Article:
2. The Rabbit - May 13, 2010 at 8:23 PM

    Re: Tag-Too funny
    Re: The Award
    In the course of my career, I was required to read annual corporate reports in addition to prospectuses and other mind numbing BS.
    It never ceased to amuse or annoy me (depending on the day) to see the number of awards “manufactured” in just this same manner.
    Unfortunately, there are too many ‘linear’ thinkers on the planet who do believe something like this is either (a) important and/or (b)credible. If they didn’t, no one would buy their inclusion into “The Best Doctors/Lawyer/Cab Drivers/etc. in America.”

  3. JGB - May 13, 2010 at 8:32 PM

    I think you are underestimating the taint that steroid use has had on the past 15-20 years have had on the eyes of the public. The fact that the league is starting to finally crack down on use is commendable.
    Take a look a Hooton’s testimony before the House Reform and Oversight and Committee from 2005. There is a reason that the issue was brought up before the committee. The MLB realized the serious problem they had on their hands.

  4. Jon - May 13, 2010 at 8:58 PM

    Correction: “The MLB realized the serious PUBLIC RELATIONS problem they had on their hands.”

  5. bureaucratist - May 14, 2010 at 1:31 AM

    Probably just because I’m stoned, but I don’t follow the logic. Wadler and the WADA publicly criticize baseball’s steroid policy because they benefit, in publicity and money (the money comes from either MLB itself or other donors stirred up by the publicity?), and then he serves on the board of another organization that publicly recognizes Selig and MLB for doing what Wadler publicly claims they are not, and under Wadler’s auspices, for what purpose exactly? In order to keep Selig and MLB from falling so far in public opinion that they no longer play their part in the publicity/money/fundraising campaign?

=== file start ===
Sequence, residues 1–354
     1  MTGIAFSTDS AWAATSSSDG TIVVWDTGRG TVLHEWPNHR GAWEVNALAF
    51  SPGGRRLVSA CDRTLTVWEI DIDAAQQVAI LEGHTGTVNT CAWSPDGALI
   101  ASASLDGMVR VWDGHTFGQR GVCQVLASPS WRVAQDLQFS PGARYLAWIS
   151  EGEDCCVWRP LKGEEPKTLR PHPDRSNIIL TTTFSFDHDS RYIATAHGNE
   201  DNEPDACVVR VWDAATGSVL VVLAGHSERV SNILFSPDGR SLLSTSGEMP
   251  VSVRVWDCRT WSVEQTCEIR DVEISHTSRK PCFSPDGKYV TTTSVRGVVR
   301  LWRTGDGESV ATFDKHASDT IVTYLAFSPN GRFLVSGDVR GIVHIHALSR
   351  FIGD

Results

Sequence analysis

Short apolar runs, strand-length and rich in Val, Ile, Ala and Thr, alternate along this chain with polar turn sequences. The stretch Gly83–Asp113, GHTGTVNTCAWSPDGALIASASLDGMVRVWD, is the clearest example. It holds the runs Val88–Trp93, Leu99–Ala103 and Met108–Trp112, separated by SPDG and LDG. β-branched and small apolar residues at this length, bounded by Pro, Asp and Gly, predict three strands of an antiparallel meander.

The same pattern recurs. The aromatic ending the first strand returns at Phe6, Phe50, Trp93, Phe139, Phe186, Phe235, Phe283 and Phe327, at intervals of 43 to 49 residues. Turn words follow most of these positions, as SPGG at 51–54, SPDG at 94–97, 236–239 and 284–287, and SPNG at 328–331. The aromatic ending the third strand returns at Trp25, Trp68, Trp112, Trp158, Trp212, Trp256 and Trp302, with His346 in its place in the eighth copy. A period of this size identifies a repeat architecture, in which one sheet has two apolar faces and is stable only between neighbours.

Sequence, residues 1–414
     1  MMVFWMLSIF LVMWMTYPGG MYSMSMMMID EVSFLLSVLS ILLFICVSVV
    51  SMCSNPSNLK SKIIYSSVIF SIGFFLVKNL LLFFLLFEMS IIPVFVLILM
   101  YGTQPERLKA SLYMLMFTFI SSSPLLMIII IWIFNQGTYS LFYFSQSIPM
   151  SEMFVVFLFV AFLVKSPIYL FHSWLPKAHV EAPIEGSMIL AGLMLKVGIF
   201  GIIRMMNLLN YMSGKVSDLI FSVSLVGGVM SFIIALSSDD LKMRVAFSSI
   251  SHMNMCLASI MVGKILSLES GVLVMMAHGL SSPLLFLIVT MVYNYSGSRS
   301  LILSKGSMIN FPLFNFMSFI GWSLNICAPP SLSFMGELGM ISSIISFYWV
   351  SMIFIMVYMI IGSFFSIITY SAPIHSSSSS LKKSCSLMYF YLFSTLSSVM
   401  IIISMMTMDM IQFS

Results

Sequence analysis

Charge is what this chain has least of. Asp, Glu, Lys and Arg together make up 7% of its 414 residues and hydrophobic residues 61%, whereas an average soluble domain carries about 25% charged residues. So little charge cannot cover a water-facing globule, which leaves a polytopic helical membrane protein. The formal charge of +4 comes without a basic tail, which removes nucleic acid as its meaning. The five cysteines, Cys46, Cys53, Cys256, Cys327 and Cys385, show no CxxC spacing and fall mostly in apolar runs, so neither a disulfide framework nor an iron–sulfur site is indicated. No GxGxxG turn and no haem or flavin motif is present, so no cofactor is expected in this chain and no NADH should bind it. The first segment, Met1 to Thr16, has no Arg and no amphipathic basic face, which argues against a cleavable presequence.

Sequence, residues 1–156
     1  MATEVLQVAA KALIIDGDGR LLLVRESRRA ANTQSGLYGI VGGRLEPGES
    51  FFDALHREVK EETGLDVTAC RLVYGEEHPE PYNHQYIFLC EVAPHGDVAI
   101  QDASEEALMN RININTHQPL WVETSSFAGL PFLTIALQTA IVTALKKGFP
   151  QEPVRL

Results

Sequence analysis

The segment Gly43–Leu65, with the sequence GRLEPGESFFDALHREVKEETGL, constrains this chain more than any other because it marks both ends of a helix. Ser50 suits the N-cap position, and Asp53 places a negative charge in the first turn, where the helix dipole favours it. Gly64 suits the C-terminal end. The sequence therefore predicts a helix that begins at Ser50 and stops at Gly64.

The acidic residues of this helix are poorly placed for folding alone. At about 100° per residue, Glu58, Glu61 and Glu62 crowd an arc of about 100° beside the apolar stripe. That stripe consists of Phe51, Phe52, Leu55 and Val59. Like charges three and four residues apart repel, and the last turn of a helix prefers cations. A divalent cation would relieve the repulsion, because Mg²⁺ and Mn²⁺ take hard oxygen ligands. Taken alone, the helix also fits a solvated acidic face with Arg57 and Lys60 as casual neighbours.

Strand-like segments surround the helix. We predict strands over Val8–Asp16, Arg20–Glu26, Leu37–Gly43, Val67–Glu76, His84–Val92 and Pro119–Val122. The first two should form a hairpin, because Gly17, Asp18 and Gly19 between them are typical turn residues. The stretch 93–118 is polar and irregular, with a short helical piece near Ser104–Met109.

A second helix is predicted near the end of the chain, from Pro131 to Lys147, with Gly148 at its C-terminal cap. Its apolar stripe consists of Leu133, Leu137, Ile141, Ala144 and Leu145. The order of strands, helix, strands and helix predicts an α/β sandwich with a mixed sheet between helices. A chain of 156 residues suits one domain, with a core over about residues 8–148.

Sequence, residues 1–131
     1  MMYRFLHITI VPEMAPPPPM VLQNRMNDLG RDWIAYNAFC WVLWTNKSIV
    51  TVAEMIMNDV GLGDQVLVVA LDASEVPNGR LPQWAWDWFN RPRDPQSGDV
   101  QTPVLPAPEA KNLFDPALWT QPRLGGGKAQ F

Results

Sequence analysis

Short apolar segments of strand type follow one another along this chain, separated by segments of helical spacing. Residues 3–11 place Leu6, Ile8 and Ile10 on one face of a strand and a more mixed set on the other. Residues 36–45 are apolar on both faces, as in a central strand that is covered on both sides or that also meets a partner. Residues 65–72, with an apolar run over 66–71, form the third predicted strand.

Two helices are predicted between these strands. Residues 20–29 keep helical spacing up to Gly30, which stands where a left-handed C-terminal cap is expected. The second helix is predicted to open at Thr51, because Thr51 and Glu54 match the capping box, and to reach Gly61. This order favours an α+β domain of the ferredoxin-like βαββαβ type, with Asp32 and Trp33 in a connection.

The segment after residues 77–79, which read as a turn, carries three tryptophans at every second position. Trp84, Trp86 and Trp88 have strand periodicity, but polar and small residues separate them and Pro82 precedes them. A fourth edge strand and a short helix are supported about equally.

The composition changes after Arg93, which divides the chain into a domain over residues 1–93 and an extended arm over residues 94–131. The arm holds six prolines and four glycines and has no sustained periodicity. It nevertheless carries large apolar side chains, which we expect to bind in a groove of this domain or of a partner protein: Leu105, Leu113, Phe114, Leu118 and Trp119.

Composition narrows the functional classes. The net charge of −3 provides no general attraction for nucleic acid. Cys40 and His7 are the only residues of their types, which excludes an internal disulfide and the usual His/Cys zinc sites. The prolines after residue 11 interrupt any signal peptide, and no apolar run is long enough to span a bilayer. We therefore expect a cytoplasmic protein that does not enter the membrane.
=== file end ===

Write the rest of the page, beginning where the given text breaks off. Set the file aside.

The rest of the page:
6. GimmeSomeSteel - May 14, 2010 at 5:37 AM

    Nice Douglas Adams riff at the end, Craig.

  7. Evan - May 14, 2010 at 8:34 AM

    Craig, you can’t fault progress. Baseball has come a long way.
    Also, I think its silly for you to question their motives. All you can do is speculate. The better question is, what person or organization do you think was MORE deserving of this award? If you can’t name one then you don’t have much of an argument.

  8. Bruce - May 14, 2010 at 10:41 AM

    This is a totally hypocritical award to the commish….No one believes he did not know that PED’s were in he locker rooms being handed out with the seeds and chew….The very fact that he has failed to take the high road as McGuire has…makes him a complete phony. If by some outside chance he had his head buried in the bockwurst and beer in Milwaukee(which I don’t believe) he should have!!!!! His stand on the bigotry occurring in Arizona is another example of Buddy boy hiding in corporate sponsors pockets. His action have nothing to do with the game or right or wrong. He should be replaced.